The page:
I’ve added another autographed book on social media to my growing collection. Last Thur. evening, I asked best-selling author Justin Levy, Director of Business Development, Marketing, and Client Relations of New Marketing Labs, to sign the second edition of Facebook Marketing: Designing Your Next Business Campaign, at a recent book launch, in Boston, Ma. Sponsored by the Massaachusetts Innovation & Technology Exchange (MITX), the bash was held at Red Sky, on North Street, appropriately enough, in the shadow of Faneuil Hall Marketplace—one of the nation’s oldest marketplaces—a vital business and civic hub in Boston, for more than 250 years.
Facebook as Modern-Day Marketplace
The similarities between the needs Facebook serves today, as a virtual meeting-place, with those served so successfully, up through the present, by the historic Boston marketplace, resonated very strongly in my mind, that June evening. Fresh off my reading experience of The ClueTrain Manifesto, I couldn’t help but think that the many tweet-ups, meet-ups, and other occasions to connect across Boston and beyond, all speak to a collective, age-old longing for community. It’s just the medium that’s changed—one which enhances connection when physical barriers make meeting in person difficult, and one which ultimately leads us back to connecting directly, when there aren’t those limitations.
Markets Are Conversations
If markets are indeed conversations, as The ClueTrain Manifesto suggests, then Levy’s book launch was a great example of that principle, in motion. I especially enjoyed chatting about all things blogging and social media, with very enthusiastic staff from the New Media Labs team, including Benjamin Abrams and Erica Templeman. (Erica: As an on-again/off-again freelancer, I’ll enjoy checking out the Work-shifting site you manage, maintained by Citrix Online and New Marketing Labs.)
I have only just started reading and skimming Facebook Marketing, along with several other books I’m reading simultaneously, right now. So far, I’m finding it very helpful. I especially like the chapter, “Using Facebook to Develop Communities.” There, Levy captures the essence of the Facebook community.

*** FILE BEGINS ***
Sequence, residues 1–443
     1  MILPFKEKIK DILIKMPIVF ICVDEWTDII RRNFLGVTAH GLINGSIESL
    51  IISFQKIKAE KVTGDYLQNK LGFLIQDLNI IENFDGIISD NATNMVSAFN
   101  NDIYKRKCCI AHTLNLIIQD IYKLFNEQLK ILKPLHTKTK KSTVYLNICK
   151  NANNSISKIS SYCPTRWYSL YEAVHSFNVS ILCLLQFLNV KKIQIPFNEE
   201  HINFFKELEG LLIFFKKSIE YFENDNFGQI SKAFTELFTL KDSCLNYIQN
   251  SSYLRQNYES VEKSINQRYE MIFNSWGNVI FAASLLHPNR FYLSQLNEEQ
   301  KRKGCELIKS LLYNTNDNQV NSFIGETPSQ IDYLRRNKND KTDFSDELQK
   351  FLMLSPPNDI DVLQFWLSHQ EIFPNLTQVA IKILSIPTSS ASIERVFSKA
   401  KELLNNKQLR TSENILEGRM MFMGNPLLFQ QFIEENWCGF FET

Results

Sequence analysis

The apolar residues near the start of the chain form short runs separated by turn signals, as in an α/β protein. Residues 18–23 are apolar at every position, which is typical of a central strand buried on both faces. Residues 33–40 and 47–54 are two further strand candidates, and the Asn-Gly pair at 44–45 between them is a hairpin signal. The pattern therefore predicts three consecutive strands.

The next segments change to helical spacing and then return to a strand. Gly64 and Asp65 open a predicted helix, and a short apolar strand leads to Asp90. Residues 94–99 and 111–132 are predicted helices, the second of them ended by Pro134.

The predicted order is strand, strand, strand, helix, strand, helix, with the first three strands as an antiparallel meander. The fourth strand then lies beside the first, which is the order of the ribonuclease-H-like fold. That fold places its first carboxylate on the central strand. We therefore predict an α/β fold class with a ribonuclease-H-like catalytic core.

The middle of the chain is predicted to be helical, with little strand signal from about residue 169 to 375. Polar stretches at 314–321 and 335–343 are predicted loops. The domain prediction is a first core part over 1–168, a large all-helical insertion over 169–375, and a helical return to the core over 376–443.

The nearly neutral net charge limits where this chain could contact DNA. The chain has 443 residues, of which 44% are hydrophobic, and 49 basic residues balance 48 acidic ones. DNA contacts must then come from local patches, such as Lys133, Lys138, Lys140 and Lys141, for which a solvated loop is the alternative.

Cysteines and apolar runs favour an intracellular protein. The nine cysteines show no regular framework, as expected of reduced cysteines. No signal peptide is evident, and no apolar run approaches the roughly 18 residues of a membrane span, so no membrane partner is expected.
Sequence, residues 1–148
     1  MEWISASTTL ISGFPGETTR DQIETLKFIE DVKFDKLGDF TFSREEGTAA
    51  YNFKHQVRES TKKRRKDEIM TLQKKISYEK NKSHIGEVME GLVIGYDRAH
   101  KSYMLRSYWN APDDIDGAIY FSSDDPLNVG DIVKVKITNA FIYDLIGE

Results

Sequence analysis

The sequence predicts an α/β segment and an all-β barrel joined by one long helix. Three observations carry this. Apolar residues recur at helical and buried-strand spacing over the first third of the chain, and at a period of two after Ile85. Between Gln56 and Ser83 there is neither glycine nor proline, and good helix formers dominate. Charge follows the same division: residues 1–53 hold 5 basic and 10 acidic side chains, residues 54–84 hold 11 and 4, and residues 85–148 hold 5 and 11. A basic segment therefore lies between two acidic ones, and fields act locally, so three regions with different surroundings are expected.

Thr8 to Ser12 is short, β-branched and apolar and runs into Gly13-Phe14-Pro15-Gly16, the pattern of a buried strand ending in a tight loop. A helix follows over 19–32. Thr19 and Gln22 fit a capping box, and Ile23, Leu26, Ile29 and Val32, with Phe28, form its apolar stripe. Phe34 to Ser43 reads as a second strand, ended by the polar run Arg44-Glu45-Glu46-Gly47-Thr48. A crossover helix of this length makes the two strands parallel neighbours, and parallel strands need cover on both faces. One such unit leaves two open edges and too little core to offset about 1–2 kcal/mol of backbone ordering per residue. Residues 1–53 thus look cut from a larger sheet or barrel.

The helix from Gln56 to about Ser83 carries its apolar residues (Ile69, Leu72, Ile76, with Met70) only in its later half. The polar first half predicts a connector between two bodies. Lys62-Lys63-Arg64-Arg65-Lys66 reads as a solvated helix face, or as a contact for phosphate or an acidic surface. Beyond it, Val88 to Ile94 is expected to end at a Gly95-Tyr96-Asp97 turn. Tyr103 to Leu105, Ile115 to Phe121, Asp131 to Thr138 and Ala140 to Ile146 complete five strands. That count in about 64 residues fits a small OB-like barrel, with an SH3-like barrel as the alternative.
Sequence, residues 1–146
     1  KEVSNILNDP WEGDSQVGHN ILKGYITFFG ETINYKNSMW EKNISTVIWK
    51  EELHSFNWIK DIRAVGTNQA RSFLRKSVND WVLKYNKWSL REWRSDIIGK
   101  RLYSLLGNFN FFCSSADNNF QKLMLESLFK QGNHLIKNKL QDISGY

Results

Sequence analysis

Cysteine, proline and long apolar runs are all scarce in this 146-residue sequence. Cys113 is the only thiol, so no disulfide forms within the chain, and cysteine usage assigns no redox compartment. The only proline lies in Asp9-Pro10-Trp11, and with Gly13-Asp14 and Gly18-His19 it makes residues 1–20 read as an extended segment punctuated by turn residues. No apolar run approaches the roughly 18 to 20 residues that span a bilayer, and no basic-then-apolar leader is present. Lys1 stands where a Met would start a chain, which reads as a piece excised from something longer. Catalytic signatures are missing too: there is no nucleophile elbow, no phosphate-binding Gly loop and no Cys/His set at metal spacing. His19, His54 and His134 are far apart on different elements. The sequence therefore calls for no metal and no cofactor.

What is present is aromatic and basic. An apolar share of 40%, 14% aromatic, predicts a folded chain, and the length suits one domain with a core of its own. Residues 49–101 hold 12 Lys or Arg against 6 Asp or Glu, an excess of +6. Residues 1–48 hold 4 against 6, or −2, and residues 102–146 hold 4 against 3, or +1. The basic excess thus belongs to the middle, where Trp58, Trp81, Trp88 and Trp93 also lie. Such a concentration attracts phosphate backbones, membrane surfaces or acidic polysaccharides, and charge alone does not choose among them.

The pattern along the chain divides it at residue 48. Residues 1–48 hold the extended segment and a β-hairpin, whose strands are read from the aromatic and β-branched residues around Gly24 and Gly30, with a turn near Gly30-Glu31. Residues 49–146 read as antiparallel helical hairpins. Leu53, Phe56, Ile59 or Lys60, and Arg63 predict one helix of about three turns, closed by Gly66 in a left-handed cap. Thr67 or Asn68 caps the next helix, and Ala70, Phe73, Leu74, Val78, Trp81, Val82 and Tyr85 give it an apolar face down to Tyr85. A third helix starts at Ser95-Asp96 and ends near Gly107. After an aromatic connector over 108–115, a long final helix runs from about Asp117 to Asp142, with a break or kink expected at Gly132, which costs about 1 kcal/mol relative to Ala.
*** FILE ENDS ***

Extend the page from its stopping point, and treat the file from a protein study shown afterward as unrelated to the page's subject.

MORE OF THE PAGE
At a basic level, Facebook represents one large community. Within that large community, a limitless number of subcommittees form. People form communities around their interests, hobbies, events, companies, products, services, celebrities, schools, or even favorite foods. We form and use these communities in the same way we would in the physical world. We engage with one another, form bonds, share interesting articles, upload photos and videos, and invite others with similar interests to join our communities (p. 143).
He goes on to offer these tips on how to build a community for your company, product, or service: uploading photos, uploading video, asking questions, providing exclusives, and more.
He also discusses building different types of communities, including internal communities, focus groups, and personal communities. Coming from mostly high tech environments, I’m especially intrigued by the use of Facebook as a way to get folks collaborating, within the enterprise, as well as a way to work on agile software development, directly with customers. Facebook Marketing’s chapter on Community, complements all these interests.